“There’s a simple reason why the Email Privacy Act is the most sponsored bill in Congress,” Gabe Rottman of the American Civil Liberties Union told Truthdig. “Americans overwhelmingly believe email should be protected by a warrant, just like a phone call or snail-mail letter.”

According to Rottman, who is a legislative counsel and policy adviser at the ACLU’s Washington Legislative Office, “this bill would make that modest but essential change, and bring our email privacy laws into the age of broadband and cloud computing.”

Without such a change in the ECPA, however, agencies like the U.S. Securities and Exchange Commission, the IRS and others can simply obtain data stored in the cloud by sending a company like Google a subpoena demanding access to that data when it is 180 days old or older. Users might not even realize their privacy had been breached, because the government can deal directly with the email service providers.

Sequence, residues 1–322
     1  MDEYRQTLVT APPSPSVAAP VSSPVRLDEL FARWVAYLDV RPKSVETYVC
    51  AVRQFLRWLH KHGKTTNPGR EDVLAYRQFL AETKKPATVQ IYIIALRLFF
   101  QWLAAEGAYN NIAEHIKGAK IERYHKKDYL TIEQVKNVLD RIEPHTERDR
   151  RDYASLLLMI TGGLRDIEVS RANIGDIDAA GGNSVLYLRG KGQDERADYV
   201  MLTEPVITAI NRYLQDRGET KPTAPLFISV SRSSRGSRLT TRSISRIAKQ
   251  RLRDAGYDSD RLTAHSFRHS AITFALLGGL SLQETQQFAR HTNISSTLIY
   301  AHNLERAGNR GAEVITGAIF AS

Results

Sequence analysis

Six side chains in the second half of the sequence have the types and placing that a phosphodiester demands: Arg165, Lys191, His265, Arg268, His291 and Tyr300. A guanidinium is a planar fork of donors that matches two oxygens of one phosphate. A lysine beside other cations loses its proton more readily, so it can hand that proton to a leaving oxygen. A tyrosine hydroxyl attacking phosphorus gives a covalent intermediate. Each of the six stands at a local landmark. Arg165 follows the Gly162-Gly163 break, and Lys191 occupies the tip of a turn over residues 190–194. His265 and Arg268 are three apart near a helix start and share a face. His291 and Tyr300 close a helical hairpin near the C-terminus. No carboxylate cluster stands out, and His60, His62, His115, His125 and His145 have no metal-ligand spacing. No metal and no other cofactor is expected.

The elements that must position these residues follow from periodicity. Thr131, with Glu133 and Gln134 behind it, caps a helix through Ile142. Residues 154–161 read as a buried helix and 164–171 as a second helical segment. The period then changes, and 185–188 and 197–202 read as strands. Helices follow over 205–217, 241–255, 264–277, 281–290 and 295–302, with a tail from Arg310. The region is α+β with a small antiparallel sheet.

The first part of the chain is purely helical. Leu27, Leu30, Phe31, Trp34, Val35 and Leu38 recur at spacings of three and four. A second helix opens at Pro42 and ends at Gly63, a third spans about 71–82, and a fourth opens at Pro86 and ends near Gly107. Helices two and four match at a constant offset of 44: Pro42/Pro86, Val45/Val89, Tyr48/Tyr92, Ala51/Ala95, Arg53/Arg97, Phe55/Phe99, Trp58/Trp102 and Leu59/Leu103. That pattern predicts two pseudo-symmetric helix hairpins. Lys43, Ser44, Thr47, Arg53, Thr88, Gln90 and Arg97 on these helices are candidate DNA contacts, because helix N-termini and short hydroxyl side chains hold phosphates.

Again, I'd first say that emails and phone calls are "protected by a warrant"
and indeed by the Fourth Amendment, and that if the government denies this
it simply lies.

Then again, the American government does a lot of lying, and I also do not expect that the present bill, if it turns into law, will "
bring our email privacy
laws into the age of broadband and cloud computing”, and that simply because
(i) neither has the - very clear - Fourth Amendment, and because (ii) the NSA
very probably will find a way around it, e.g. by insisting on their own reading
of the law (where they may read "black" as "white", and pretend that is fair).

And I am for the Email Privacy Act, but I do not expect that this bill, if it were accepted, will stop the NSA getting everything they want to get.

5. The World At War

The last item of today is not a crisis item and not an article, but is a 26 part series called